The town was abandoned during King Philip’s War, its inhabitants relocating to Dedham in 1676. When Norfolk was eventually reestablished, the settlers relied on agriculture and cattle grazing with some considerable lumbering and planting of orchards. After 1812, three cotton manufacturing companies were established at Stony Brook, and later in the 19th century George Campbell’s paper mill was opened at Highland Lake making heavy wrapping and building papers. The town saw a rapid increase in population after 1925 when a hospital and a state prison were built in Norfolk on the Walpole line. Major residential development took place before 1940 in the Pondville and Clark Streets section of town with scattered new housing along Seekonk and Main Streets, and suburban residential building has continued since.

Norfolk is located in eastern Massachusetts, bordered by Millis and Medfield on the north, Walpole on the east, Foxborough and Wrentham on the south, and Franklin and Medway on the west. Norfolk is 20 miles southwest of Boston; about 21 miles north of Providence, Rhode Island; and about 205 miles northeast of New York City.

The town is part of the Massachusetts Senate’s Norfolk, Bristol and Middlesex district.

As of 2022, there are three public schools located within the town: the H. Olive Day Elementary School (Grades Pre-K–2), the Freeman-Kennedy Elementary School (Grades 3–6), and King Philip Regional Middle School (Grades 7–8). Upon entering the 9th grade, students go on to attend King Philip Regional High School in Wrentham or, specialty high schools; Tri-County Regional Vocational Technical High School in Franklin and Norfolk County Agricultural High School in Walpole.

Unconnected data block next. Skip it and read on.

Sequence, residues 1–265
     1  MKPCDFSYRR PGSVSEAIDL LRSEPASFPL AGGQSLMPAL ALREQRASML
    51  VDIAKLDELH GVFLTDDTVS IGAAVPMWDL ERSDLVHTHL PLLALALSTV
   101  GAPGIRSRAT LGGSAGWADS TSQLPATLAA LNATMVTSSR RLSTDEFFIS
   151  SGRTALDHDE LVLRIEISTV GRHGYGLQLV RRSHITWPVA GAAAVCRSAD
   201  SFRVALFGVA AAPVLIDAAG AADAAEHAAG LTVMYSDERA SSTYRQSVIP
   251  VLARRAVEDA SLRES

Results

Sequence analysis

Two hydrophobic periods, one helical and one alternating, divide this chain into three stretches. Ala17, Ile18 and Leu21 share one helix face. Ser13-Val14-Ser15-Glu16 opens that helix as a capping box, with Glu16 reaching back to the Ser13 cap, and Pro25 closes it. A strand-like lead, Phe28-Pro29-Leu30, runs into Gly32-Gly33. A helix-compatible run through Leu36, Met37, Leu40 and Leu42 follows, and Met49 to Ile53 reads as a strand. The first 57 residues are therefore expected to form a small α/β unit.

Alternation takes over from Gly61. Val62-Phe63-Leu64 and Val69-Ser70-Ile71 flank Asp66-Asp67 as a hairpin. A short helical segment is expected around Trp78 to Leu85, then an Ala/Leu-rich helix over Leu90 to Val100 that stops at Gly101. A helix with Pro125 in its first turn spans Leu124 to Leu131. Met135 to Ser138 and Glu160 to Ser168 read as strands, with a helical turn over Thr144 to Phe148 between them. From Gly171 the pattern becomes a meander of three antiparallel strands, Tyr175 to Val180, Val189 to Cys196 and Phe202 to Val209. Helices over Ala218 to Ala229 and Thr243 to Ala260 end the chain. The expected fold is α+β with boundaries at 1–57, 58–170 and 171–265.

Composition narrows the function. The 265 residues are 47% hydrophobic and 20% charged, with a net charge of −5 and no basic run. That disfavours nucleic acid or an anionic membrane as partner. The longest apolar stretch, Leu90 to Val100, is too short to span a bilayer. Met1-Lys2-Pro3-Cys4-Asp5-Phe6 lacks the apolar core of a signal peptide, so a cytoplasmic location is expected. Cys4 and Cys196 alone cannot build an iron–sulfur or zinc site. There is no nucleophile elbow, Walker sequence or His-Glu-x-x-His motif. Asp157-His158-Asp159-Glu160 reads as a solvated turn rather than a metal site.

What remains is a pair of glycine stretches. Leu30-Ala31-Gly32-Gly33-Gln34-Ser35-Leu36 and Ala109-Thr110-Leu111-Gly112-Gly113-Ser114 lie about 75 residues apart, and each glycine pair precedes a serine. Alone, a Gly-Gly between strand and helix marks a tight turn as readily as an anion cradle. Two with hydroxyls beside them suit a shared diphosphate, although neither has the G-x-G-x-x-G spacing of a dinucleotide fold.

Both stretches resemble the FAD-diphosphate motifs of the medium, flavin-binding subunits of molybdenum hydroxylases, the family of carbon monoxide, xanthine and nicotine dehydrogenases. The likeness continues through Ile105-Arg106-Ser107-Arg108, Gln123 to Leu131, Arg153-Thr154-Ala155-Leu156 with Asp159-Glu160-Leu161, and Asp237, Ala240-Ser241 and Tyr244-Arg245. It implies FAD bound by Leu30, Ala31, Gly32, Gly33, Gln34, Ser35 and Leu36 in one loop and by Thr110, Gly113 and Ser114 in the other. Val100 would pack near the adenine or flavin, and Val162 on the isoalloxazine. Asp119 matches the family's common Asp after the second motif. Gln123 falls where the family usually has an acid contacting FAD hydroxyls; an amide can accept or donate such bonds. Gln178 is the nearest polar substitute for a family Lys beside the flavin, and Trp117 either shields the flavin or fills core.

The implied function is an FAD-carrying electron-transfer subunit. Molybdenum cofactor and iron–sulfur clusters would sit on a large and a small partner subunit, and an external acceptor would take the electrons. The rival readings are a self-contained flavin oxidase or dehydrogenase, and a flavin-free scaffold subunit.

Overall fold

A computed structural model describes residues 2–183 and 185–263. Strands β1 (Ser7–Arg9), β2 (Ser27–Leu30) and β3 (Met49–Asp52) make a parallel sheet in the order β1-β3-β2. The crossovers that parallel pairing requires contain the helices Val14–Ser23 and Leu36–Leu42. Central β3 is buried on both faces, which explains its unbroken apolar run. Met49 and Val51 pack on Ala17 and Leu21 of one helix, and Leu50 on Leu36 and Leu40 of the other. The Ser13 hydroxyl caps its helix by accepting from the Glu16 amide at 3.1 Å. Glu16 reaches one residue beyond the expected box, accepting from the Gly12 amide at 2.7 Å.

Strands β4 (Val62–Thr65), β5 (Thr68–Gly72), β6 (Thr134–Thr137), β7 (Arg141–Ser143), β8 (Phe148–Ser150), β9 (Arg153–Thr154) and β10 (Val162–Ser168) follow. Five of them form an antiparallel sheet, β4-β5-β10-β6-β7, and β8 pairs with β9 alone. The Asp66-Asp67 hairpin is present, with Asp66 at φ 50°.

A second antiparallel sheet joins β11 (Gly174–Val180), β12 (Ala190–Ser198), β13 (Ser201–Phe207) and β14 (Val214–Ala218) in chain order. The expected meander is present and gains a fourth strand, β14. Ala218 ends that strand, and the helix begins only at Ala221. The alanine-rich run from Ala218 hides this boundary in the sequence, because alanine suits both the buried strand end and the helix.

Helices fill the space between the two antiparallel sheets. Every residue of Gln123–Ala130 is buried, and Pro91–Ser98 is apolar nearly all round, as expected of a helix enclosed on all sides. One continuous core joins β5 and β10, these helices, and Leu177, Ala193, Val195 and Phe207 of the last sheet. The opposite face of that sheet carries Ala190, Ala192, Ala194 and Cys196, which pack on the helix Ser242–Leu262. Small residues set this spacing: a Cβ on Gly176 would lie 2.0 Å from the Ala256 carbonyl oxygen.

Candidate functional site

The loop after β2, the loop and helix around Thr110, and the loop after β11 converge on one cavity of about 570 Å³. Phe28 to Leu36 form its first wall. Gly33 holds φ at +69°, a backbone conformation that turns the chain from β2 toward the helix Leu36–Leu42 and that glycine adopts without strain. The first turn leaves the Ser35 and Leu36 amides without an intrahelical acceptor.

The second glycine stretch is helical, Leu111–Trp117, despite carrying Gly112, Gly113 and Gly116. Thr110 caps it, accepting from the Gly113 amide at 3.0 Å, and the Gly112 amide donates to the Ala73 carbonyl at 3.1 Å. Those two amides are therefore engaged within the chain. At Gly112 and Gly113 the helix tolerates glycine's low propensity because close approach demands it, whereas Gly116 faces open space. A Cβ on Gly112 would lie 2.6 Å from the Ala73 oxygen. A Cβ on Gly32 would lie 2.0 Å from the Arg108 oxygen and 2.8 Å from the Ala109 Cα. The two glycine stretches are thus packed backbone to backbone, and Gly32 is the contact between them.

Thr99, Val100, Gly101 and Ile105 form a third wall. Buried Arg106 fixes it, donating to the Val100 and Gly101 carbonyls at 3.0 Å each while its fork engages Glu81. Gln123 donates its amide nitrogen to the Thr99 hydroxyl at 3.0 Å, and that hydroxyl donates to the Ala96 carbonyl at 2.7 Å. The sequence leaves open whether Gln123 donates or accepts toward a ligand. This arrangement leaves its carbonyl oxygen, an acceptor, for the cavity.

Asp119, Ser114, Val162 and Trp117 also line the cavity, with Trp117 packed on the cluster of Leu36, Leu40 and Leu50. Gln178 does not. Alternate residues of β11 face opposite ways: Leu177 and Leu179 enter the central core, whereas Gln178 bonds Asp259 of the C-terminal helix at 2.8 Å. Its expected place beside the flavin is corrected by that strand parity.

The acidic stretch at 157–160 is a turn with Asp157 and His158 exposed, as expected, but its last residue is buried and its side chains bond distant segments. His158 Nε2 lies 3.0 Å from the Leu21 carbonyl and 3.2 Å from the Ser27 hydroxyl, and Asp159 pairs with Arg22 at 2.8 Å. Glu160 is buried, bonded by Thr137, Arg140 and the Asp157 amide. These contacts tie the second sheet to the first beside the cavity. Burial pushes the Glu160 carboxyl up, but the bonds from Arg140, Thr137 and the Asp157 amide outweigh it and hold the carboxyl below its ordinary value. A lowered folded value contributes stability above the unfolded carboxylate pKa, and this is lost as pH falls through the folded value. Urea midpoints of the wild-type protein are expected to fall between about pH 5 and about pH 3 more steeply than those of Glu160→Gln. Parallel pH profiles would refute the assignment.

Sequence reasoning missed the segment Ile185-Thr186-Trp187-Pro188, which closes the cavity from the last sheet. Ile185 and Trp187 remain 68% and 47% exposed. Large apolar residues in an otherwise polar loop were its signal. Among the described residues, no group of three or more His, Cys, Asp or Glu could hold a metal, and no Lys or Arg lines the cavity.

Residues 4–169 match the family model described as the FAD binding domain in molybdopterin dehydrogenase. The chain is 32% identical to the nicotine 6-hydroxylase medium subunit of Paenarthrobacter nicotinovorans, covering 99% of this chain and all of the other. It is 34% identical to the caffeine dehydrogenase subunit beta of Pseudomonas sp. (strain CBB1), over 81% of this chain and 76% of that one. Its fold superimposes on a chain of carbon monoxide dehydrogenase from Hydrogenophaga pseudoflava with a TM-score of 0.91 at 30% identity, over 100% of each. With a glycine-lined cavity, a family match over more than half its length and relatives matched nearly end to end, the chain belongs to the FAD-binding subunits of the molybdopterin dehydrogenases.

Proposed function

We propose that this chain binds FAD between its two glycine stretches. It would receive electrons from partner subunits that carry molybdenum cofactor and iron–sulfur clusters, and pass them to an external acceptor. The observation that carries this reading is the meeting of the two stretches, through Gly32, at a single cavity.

The Town of Norwood, officially formed in 1872, was until that time, part of Dedham. During the American Revolution, there was a Minuteman company organized in the area. Its captain, Aaron Guild, on learning of the British marching on Lexington and Concord to seize the munitions stored there, rode to join the fight, and arrived in time to fire on the British at Concord Bridge and participate in the running battle that chased the Redcoats back to Boston.

Norwood, part of the Greater Boston area, is governed by representative town meeting and census-designated place in Norfolk County, Massachusetts. As of the 2020 census, the population was 31,611. Norwood is on the Neponset River, which runs all the way to Boston Harbor from Foxborough. It has a total area of 10.6 square miles (27.3 km2), of which, 10.5 square miles (27.1 km2) of it is land and 0.1 square miles (0.2 km2) of it is water.

Norwood’s town square is dominated by its town hall, the Norwood Memorial Municipal Building. It includes a 50-bell carillon tower housing the Walter F. Tilton Memorial Carillon, one of nine carillons in Massachusetts. Another noteworthy building is the Morrill Memorial Library, Joseph Ladd Neal, architect.